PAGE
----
WWE Monday night RAW commentator Jonathan “The Coach” Coachman is named in a lawsuit that was filed by former ESPN anchor and legal analyst Adrienne Lawrence. The lawsuit accuses “The Coach” and others of sexual harassment. The New York Post posted an article on Monday, saying Lawrence filed a sexual harassment and discrimination lawsuit against the network on Sunday. The lawsuit alleges that Coachman, Chris Berman, Bomani Jones and others were involved in sexually harassing female employees.
The New York Post reports that Coachman used what it called the “ESPN predators’ playbook” by making contact with her under the pretense of mentoring her, and then made romantic overtures. According to Lawrence, when she told ESPN executive Jack Obringer about it, he immediately guessed it was Jonathan Coachman without being told and said that “The Coach” has sexually harassed numerous other female employees as well. The Post says, “After learning that, Ms. Lawrence made an effort to communicate to Coachman that she had a boyfriend, after which she did not hear from him again.”
You can read the allegations against Jonathan Coachman below. Coachman began working for ESPN in 2008 and worked there until 2017 before returning to WWE.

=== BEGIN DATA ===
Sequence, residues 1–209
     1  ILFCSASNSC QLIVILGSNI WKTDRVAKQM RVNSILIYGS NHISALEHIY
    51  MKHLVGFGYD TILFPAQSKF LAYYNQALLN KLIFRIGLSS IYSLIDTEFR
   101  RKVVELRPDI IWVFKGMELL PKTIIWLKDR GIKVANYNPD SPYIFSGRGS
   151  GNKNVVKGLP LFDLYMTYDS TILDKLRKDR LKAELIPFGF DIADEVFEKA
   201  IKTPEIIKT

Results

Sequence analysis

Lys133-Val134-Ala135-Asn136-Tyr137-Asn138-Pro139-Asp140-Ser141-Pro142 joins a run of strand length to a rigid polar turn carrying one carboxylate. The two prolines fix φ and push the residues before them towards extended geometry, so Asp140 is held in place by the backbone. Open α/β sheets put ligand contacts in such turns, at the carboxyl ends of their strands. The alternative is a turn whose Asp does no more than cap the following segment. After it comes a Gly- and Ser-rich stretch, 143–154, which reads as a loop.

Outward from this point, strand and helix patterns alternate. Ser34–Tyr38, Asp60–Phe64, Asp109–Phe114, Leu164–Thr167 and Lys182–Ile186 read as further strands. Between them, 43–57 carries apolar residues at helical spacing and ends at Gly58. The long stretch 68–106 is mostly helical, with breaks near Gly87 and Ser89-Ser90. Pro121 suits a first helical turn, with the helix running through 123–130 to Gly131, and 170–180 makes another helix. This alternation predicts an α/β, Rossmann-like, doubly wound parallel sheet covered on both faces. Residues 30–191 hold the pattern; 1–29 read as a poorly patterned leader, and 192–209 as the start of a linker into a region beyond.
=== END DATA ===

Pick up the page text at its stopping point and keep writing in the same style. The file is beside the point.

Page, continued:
1. Men Preyed on Ms. Lawrence Under the Guise of Being Collegial or Providing Mentorship 125. On or around January 18, 2016, SportsCenter anchor Jonathan Coachman (“Coachman”) emailed Ms. Lawrence offering to provide her with mentorship and providing his cellphone number. When he contacted her via text, he quickly turned a professional conversation into a personal matter, asking her about her musical interests. He was employing the ESPN predators’ playbook. See supra at ¶ 84. Colleagues then cautioned Ms. Lawrence that Coachman was notorious for sexually harassing female employees. After learning that, Ms. Lawrence made an effort to communicate to Coachman that she had a boyfriend, after which she did not hear from him again and he made no offers of mentorship.
126. Coachman’s reputation for making unwelcome sexual advances toward women and engaging in other sexually harassing behavior was not a secret. Cary Chow had warned Ms. Lawrence about him when he gave the short list of men at ESPN who were notorious for sexual harassment. Coachman had sent Walsh inappropriate photos of himself and text messages, falsely telling her colleagues that they were romantically involved and that she “wanted” him – another common practice of men at ESPN.
ESPN issued the following statement to the Deadspin website regarding the lawsuit:
“We conducted a thorough investigation of the claims Adrienne Lawrence surfaced to ESPN and they are entirely without merit. Ms. Lawrence was hired into a two-year talent development program and was told that her contract would not be renewed at the conclusion of the training program. At that same time, ESPN also told 100 other talent with substantially more experience, that their contracts would not be renewed. The company will vigorously defend its position and we are confident we will prevail in court.”